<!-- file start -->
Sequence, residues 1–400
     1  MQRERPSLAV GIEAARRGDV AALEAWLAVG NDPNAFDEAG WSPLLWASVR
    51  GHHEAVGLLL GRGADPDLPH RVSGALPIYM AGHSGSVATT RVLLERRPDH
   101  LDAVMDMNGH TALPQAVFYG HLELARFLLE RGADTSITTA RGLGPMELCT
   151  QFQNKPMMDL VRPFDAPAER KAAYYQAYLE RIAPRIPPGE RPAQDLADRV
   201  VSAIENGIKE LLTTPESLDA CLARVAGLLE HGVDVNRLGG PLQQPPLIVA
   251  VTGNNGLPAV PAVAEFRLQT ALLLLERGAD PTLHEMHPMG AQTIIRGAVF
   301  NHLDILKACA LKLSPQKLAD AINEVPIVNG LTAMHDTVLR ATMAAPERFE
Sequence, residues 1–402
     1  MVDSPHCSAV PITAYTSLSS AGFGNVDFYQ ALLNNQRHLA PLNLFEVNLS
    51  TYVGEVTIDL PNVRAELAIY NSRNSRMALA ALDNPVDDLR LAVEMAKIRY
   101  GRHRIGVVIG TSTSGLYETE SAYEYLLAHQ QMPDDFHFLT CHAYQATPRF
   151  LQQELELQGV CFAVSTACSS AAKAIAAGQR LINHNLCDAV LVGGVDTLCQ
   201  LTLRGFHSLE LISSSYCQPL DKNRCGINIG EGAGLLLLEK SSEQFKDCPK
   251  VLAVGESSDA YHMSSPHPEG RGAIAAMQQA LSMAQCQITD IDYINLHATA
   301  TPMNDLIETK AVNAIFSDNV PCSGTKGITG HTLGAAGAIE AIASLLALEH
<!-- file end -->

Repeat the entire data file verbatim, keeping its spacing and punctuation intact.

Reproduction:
Sequence, residues 1–400
     1  MQRERPSLAV GIEAARRGDV AALEAWLAVG NDPNAFDEAG WSPLLWASVR
    51  GHHEAVGLLL GRGADPDLPH RVSGALPIYM AGHSGSVATT RVLLERRPDH
   101  LDAVMDMNGH TALPQAVFYG HLELARFLLE RGADTSITTA RGLGPMELCT
   151  QFQNKPMMDL VRPFDAPAER KAAYYQAYLE RIAPRIPPGE RPAQDLADRV
   201  VSAIENGIKE LLTTPESLDA CLARVAGLLE HGVDVNRLGG PLQQPPLIVA
   251  VTGNNGLPAV PAVAEFRLQT ALLLLERGAD PTLHEMHPMG AQTIIRGAVF
   301  NHLDILKACA LKLSPQKLAD AINEVPIVNG LTAMHDTVLR ATMAAPERFE
Sequence, residues 1–402
     1  MVDSPHCSAV PITAYTSLSS AGFGNVDFYQ ALLNNQRHLA PLNLFEVNLS
    51  TYVGEVTIDL PNVRAELAIY NSRNSRMALA ALDNPVDDLR LAVEMAKIRY
   101  GRHRIGVVIG TSTSGLYETE SAYEYLLAHQ QMPDDFHFLT CHAYQATPRF
   151  LQQELELQGV CFAVSTACSS AAKAIAAGQR LINHNLCDAV LVGGVDTLCQ
   201  LTLRGFHSLE LISSSYCQPL DKNRCGINIG EGAGLLLLEK SSEQFKDCPK
   251  VLAVGESSDA YHMSSPHPEG RGAIAAMQQA LSMAQCQITD IDYINLHATA
   301  TPMNDLIETK AVNAIFSDNV PCSGTKGITG HTLGAAGAIE AIASLLALEH